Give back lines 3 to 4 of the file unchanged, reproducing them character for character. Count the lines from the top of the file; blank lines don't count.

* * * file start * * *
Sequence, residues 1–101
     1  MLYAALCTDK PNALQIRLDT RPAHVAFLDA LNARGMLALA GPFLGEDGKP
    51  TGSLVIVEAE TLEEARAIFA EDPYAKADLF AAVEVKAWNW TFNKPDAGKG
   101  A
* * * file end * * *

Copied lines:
    51  TGSLVIVEAE TLEEARAIFA EDPYAKADLF AAVEVKAWNW TFNKPDAGKG
   101  A